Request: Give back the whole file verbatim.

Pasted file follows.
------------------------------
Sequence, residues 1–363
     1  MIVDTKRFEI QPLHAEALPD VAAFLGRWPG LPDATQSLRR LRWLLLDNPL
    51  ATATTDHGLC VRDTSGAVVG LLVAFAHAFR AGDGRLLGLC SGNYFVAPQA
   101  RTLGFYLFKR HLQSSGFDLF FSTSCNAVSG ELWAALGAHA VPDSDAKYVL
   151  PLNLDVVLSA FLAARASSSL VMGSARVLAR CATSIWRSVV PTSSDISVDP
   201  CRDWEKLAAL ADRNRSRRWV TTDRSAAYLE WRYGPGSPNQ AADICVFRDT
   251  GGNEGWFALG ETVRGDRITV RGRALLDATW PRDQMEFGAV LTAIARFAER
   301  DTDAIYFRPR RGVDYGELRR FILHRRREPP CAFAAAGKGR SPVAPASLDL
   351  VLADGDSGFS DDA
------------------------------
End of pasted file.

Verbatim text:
Sequence, residues 1–363
     1  MIVDTKRFEI QPLHAEALPD VAAFLGRWPG LPDATQSLRR LRWLLLDNPL
    51  ATATTDHGLC VRDTSGAVVG LLVAFAHAFR AGDGRLLGLC SGNYFVAPQA
   101  RTLGFYLFKR HLQSSGFDLF FSTSCNAVSG ELWAALGAHA VPDSDAKYVL
   151  PLNLDVVLSA FLAARASSSL VMGSARVLAR CATSIWRSVV PTSSDISVDP
   201  CRDWEKLAAL ADRNRSRRWV TTDRSAAYLE WRYGPGSPNQ AADICVFRDT
   251  GGNEGWFALG ETVRGDRITV RGRALLDATW PRDQMEFGAV LTAIARFAER
   301  DTDAIYFRPR RGVDYGELRR FILHRRREPP CAFAAAGKGR SPVAPASLDL
   351  VLADGDSGFS DDA